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Dead Waves


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Product Details

  • Actors: Akiko Esaki, Oshihiro Wada, Masaki Miura, Shigenori Yamazaki, Asuka Kurosawa
  • Directors: Yôichirô Hayama
  • Format: Multiple Formats, Color, Dolby, NTSC, Subtitled, Widescreen
  • Language: Japanese (Dolby Digital 2.0 Surround)
  • Subtitles: English
  • Region: Region 1 (U.S. and Canada only. Read more about DVD formats.)
  • Aspect Ratio: 1.78:1
  • Number of discs: 1
  • Rated: Unrated
  • Studio: Genius Entertainment
  • DVD Release Date: July 11, 2006
  • Run Time: 77 minutes
  • Average Customer Review: 2.7 out of 5 stars  See all reviews (10 customer reviews)
  • ASIN: B000FILUTM
  • Amazon Best Sellers Rank: #305,245 in Movies & TV (See Top 100 in Movies & TV)
  • Learn more about "Dead Waves" on IMDb

Special Features

None.

Editorial Reviews

Language: Japanese, Subtitles: English

When ratings begin to slip for the network's "Spirit Sightings" program, Hiroshi Usui (Toshihiro Wada) prepares to tape and air the exorcism of a young girl named Runa (Shihori Kanjiya). During production, Hiroshi receives an email inquiring about Dead Waves emanating from his series.

Compelled to research the strange phenomenon before his latest show airs, Hiroshi uncovers the terrifying truth: Dead Waves are vengeful spirits that have become one with television waves, haunting all that watch "Spirit Sightings." The negative energies of these spirits, if not stopped, will escalate and steadily devour millions of viewers, pulling them into the shadowy world of death. With the exorcism about to air, Hiroshi races to stop it before evil is unleashed.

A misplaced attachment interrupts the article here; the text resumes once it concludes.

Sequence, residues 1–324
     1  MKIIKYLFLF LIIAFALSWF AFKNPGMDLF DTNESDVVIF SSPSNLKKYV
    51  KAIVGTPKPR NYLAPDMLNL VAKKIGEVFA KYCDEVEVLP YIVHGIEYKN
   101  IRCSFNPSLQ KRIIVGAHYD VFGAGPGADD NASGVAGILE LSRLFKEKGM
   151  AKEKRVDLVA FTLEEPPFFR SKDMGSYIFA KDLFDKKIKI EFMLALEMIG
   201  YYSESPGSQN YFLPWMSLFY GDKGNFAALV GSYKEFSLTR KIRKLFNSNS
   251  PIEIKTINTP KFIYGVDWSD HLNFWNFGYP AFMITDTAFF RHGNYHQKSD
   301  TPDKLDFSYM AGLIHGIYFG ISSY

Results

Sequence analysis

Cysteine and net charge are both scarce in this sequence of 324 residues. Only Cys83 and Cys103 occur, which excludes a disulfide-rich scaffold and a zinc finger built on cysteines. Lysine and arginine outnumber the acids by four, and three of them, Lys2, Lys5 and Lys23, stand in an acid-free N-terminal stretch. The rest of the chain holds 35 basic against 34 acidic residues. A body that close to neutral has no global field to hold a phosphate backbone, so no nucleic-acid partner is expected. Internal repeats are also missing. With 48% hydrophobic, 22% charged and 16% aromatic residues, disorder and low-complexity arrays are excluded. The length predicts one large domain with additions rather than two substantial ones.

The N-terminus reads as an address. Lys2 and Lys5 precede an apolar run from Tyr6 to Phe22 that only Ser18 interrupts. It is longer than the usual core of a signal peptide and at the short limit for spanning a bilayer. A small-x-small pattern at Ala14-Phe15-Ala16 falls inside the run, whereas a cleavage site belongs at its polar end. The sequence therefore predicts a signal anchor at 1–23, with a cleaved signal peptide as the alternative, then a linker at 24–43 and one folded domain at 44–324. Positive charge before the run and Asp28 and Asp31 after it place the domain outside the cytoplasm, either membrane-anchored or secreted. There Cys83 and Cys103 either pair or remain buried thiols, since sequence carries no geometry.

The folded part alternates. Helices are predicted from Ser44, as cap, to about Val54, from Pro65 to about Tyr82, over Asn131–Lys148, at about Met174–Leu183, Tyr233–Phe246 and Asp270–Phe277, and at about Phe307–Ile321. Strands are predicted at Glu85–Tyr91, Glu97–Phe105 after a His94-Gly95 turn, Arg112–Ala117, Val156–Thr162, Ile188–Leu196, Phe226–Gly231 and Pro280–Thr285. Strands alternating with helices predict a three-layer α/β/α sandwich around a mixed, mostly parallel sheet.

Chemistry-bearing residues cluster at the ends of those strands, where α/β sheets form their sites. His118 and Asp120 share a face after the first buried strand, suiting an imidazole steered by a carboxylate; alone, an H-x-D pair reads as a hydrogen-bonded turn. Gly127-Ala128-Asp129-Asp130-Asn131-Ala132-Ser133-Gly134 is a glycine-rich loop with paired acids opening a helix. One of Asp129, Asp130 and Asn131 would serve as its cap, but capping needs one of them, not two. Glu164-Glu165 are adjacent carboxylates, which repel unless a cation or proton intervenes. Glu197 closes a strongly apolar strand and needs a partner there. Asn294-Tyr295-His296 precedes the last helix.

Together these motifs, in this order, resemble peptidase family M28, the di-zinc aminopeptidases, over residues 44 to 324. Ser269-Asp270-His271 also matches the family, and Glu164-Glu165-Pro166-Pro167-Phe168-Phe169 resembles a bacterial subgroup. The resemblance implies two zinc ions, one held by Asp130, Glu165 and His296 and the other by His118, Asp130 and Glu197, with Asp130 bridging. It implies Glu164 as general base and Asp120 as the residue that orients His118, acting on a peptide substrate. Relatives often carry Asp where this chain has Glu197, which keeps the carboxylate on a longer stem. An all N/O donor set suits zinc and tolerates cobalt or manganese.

Customer Reviews

The story is a bit too confusing, and a simpler conception would have made better uses of available resources.
Zack Davisson
There are far too many films in this genre (that will either give you chills or at least enough cheese to laugh at with your friends) to waste time on this one.
Eric J. Kerkove
Around this same time, we learn that Horoshi's girlfriend recently killed herself, a week after being treated in a hospital for depression.
Daniel Jolley

Most Helpful Customer Reviews

13 of 16 people found the following review helpful By Evan Harris on February 20, 2007
Format: DVD
I try not to judge books by their covers, but I have to admit, the picture on the cover of this movie was so intriguing, I had to see what it was about. What I expected was an intense, terrifying journey, what i got was a solid little frightflick. But i digress:

Dead Waves is about an ambitious young director(Kanji Furutachi) of an Exorcism show whose popularity is waning and he's asked by the network head to spice things up a little. He doesnt believe in the paranormal, he believes the people that he films are mentally ill as opposed to possessed, but anything that keeps people watching he's willing to do. If that means pretending that he and his crew are performing exorcisms, so be it. We also learn that he has just suffered a devastating loss; his girlfriend who had a history of depression committed suicide by jumping from her apartment balcony. Add to this the fact that his next episode features a girl very similar in situation to his former lover who insists she is not crazy, that there are spirits haunting her and her visibly distraught and controlling brother. He begins to take her case personally and makes it his mission to get her the medical help he believes she needs. As he is doing what he beleives is right for her, he has to re-evaluate what he thinks he knows about the spirit world, possession and his own show and how it could possibly affect not only him, but the world.